|The popularity of Korean boy band Bangtan Seonyondan also known as BTS was so sudden most especially after their tv guesting in the US. / Photo credit by JStone via Shutterstock|
K-pop has always been a fringe kind of entertainment. Even when its infectiously joyous nature—in addition to K-dramas—drew the attention of many people around the world for various reasons, it was still largely confined to Asia. If they ever do events in the US, these are usually small ones, pockets of cheering crowds and bawdy merchandise sold for whichever group would be taking the stage to perform.
Back then, it was already called a “wave,” but it wasn’t until recently that K-pop was able to find its big break riding on the back of fresh-faced Korean Boy Band, “Bangtan Seonyondan,” or BTS for short.
Their popularity was so sudden that when asked about them, the common person might not have the slightest idea who they might be. But anyone who had been following K-pop in its humble newness knows exactly who they are.
From relative mainstream obscurity, how did BTS break into the US’ insanely competitive market? And how were they able to bring niche into the public eye?
Go Public or Go Home
|BTS was one of the first K-pop groups that expanded their fanbase on social media. / Photo credit by Kathy Hutchins via Shutterstock|
The beginning of BTS was as humble as can be. No one knew who they were except a handful of people. While fans were raving about long-time boy bands that have carved their own place in K-pop stardom, BTS members were spending precious time in studios, dancing rooms, and recording booths, trying to get their boy band career to take off.
The winning strategy would come sooner rather than later when Big Hit, their entertainment company to this day, decided to build audiences, rather painstaking, despite the startup agency’s lack of wide industrial connections.
It worked wonders in the best way.
According to international news site CNN, these intimate and mundane moments actually worked in that BTS was able to fully commit to being relatable.
In these little videos, clips, and blogs, BTS members, as young as they were, would be filmed cooking food, hanging out, playing pranks on each other and, at one time, even starting a quasi-research on which member was easiest to scare.
This marketing strategy unsurprisingly yielded amazing results. Fans of the band became interested in them because they felt a certain kinship to the simplicity of their lives. They had the pleasure of knowing them before everyone else.
BTS was also one of the first K-pop groups that went on social media and expanded their fanbase in the increasingly techy generation. Before long, they were gathering hordes of fangirls and fanboys, all while staying true to their vlogging origins and their affinity for letting their audiences in on their lives one video at a time.
Michelle Cho, a professor of East Asian Studies at the University of Toronto, described the business model of BTS perfectly, saying:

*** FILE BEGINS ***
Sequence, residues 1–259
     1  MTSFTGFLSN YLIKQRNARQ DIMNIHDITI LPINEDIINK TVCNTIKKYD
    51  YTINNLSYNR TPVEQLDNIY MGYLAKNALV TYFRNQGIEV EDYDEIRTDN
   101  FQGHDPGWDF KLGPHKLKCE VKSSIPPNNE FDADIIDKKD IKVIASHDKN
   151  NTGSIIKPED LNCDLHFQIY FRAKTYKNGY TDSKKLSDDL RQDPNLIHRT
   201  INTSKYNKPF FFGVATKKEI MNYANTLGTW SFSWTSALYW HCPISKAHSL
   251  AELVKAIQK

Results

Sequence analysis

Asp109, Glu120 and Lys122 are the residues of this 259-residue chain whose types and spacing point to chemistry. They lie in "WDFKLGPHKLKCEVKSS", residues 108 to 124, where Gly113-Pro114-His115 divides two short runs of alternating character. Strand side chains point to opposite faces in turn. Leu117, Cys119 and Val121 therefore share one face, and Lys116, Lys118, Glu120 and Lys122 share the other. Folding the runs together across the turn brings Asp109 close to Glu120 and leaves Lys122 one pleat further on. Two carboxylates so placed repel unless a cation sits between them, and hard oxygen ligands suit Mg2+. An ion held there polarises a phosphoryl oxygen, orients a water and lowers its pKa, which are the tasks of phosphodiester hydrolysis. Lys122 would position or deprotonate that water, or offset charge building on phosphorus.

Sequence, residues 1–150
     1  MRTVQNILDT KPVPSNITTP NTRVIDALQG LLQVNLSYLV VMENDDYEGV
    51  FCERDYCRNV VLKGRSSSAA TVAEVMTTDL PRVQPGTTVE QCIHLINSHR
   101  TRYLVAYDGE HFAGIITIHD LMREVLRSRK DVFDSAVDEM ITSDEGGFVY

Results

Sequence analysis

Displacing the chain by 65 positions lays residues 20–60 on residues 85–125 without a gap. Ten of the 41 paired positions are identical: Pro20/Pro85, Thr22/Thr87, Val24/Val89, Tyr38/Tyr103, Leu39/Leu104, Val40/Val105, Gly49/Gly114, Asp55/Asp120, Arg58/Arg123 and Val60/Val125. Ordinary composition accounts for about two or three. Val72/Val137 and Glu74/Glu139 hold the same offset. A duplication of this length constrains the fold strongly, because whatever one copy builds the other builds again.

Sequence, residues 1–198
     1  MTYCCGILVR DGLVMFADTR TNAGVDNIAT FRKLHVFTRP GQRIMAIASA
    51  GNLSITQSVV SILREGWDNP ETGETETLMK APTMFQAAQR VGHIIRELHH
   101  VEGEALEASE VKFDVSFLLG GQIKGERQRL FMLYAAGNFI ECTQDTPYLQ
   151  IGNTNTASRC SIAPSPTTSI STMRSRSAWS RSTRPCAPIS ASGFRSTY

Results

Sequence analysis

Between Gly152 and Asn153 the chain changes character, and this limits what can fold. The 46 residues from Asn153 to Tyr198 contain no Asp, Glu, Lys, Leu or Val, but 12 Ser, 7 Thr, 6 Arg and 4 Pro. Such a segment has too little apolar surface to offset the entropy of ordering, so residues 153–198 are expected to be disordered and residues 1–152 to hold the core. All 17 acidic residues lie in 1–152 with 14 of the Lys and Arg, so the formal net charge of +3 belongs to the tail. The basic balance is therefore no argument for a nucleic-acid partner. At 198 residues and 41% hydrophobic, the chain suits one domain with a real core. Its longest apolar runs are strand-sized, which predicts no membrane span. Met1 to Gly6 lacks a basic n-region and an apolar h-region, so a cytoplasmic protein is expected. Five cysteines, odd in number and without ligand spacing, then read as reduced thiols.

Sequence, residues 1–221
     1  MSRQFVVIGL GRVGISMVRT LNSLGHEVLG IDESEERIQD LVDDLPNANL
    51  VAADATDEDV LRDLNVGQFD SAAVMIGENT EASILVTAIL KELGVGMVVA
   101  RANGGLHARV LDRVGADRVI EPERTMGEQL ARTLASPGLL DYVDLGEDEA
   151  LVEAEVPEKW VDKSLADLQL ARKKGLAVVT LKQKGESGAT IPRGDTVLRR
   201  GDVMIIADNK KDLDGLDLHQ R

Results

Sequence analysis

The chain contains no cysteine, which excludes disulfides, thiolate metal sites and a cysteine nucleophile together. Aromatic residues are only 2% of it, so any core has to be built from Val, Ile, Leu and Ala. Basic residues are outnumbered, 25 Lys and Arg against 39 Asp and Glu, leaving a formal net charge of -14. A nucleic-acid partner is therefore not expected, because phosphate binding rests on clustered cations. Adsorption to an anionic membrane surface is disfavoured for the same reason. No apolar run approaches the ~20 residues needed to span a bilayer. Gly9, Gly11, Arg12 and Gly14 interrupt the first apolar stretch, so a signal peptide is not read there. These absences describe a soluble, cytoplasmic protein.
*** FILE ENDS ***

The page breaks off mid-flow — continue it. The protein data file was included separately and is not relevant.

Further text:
"I think that for some people it's quite alienating to encounter other K-pop (groups) ... that they know are a product of this very rigorous training system that (they believe) makes them a bit less authentic. BTS are quite different because their whole concept from their inception was that they were going to be honest purveyors of the experience of youth."
Fame and Fans
However, baring it all can only take any popular person so far before it gets old, and BTS might reach a certain point where, in the fickle nature of show business, they are then replaced by a younger, newer version of themselves. If that’s the case, then how come they’re still able to reach the US market? A market that, for many years, has eschewed K-pop for its manufactured and packaged appearance.
What K-pop—most especially BTS—can thank is the multicultural embrace that the US is taking as emotions run high in the country’s current political spectrum.
That’s too big of a topic to discuss. Vulture, an entertainment news website, instead focused on the “why” of BTS’s stardom and focused on their music and how it’s grown to their new EP “The Most Beautiful Moment in Life” from “the secret thoughts and woes of schoolboys” that spanned most of their first albums.
On their music, Vulture comments: “BTS’s soundscape expanded with lambent synths and lush reverb, incorporating shades of novel subgenres like cloud rap and future bass.”
Compared to their first foray in music, “The Most Beautiful Moment in Life” was more about “big-picture anxieties that would be relatable for just about anyone alive and awake to their surroundings these past few years.”
It makes sense to go big these days, after all, big-picture anxieties are ever-present in the big world.
Despite being recognized now as a K-pop group, Bang Si-Hyuk, the founder and CEO of BigHit, shared to Time how BTS was not originally planned to be a K-pop group at all.
“I had considered putting together a hip-hop crew, not an idol group. But when I considered the business context, I thought a K-pop idol model made more sense,” he said, and he clearly made the right call.